4. Nice article. Love the history lesson and enjoy eating Macaroons once a year at Passover! But, they are not my favorite treat, brownies still hold the top award.

    • Yes, Carol, I agree that a brownie is a hard act to follow. Glad you enjoyed the bit of culinary history and thanks for stopping by and leaving a comment.

  5. What a fun and delicious story! Thanks for sharing this info on the history of macaroons. =)

    • Hi Rose. Thanks for stopping by and I’m glad that you enjoyed the article. Who knew that the macaroon had such a diverse history.

  6. Thanks for this article! Very interesting. I always say cookies are good for your health, anyways!

    • You are right there, Alicia!! Cookies make you stronger, smarter and prettier! And they pack so nicely in a pocketbook. Always great to hear from you!!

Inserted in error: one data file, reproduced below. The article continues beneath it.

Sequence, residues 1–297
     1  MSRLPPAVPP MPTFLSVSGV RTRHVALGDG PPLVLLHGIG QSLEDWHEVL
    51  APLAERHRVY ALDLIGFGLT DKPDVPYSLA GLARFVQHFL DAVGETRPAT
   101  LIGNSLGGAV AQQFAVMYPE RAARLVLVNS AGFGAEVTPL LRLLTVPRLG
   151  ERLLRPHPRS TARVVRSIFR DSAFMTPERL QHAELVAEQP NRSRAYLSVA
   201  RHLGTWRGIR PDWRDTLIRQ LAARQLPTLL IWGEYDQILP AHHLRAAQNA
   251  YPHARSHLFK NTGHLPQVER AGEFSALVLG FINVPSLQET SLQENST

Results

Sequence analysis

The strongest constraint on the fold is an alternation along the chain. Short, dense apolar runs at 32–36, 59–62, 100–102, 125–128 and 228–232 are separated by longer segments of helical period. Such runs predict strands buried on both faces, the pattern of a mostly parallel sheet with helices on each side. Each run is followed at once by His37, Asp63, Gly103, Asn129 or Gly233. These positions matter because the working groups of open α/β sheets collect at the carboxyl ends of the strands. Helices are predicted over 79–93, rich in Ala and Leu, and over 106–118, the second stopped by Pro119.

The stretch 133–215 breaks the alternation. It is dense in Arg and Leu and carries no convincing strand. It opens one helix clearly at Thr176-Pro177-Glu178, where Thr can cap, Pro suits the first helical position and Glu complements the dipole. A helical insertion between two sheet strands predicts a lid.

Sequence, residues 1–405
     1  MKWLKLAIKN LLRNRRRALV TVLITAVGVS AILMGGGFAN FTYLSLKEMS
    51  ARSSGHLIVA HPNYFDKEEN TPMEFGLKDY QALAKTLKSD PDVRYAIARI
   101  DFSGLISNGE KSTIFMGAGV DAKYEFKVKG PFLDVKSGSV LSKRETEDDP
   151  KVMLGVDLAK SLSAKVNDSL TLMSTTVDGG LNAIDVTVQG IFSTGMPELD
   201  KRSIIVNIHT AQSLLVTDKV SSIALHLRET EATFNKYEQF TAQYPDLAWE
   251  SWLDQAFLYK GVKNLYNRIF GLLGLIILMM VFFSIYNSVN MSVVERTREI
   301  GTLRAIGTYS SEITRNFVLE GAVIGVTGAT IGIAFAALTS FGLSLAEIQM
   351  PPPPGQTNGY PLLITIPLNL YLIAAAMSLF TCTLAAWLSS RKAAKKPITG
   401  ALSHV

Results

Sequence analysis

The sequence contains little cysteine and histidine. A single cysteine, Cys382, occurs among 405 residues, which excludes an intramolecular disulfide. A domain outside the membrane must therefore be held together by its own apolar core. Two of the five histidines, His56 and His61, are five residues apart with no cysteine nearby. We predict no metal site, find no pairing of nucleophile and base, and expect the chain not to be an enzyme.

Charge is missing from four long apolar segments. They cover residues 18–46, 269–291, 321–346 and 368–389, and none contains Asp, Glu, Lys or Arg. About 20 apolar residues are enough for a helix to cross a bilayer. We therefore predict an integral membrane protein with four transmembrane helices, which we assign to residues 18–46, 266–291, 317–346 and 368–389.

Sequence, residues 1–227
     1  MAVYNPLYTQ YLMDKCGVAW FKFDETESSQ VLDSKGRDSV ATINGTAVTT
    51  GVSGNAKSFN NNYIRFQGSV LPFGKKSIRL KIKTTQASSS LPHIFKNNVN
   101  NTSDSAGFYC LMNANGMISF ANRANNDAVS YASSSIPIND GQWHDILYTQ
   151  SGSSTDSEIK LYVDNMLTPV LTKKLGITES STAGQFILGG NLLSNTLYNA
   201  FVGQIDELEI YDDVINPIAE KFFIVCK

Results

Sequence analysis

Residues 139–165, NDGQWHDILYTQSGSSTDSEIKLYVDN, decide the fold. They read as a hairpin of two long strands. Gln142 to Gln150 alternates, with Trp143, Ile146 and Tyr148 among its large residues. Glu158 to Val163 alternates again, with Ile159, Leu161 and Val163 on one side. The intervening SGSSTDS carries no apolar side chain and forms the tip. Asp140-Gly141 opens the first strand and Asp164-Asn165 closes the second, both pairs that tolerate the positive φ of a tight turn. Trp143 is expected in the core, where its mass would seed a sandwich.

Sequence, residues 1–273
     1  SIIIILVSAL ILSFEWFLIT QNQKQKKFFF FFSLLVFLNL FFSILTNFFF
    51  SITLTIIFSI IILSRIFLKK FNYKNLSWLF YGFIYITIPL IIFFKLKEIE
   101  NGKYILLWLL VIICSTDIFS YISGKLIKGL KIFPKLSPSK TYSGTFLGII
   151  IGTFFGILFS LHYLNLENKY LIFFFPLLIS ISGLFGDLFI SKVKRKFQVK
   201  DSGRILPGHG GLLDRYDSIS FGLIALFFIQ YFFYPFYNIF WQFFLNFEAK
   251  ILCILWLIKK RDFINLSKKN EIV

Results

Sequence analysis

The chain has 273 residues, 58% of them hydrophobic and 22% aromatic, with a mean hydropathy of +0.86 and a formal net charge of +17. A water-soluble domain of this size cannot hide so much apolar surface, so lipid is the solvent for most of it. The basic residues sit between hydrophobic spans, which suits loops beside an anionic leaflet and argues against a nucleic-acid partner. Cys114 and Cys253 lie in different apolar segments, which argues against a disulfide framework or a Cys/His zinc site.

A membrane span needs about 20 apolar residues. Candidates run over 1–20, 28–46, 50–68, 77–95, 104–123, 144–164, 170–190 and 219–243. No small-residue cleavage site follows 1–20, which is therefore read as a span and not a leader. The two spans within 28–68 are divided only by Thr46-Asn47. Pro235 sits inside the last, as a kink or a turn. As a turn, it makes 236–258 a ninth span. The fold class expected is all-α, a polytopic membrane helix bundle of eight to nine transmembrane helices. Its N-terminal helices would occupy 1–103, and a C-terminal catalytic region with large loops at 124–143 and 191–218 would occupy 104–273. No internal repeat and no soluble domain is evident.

7. The story was tooooooo sweet. I discovered the macaron sandwich cookie a few years ago and I never turned back. I do prefer it with chocolate ganache . . . but I prefer chocolate with anything. I had no idea the history was so long and complicated. Thanks for informing me about one of my favorite sweets.

    • Hi Jeri, Yeah, chocolate ganache is really the way to go with a macaron. And I have a strong hunch that many foods that we take for granted have interesting and diverse histories. Thanks for stopping by and leaving a comment.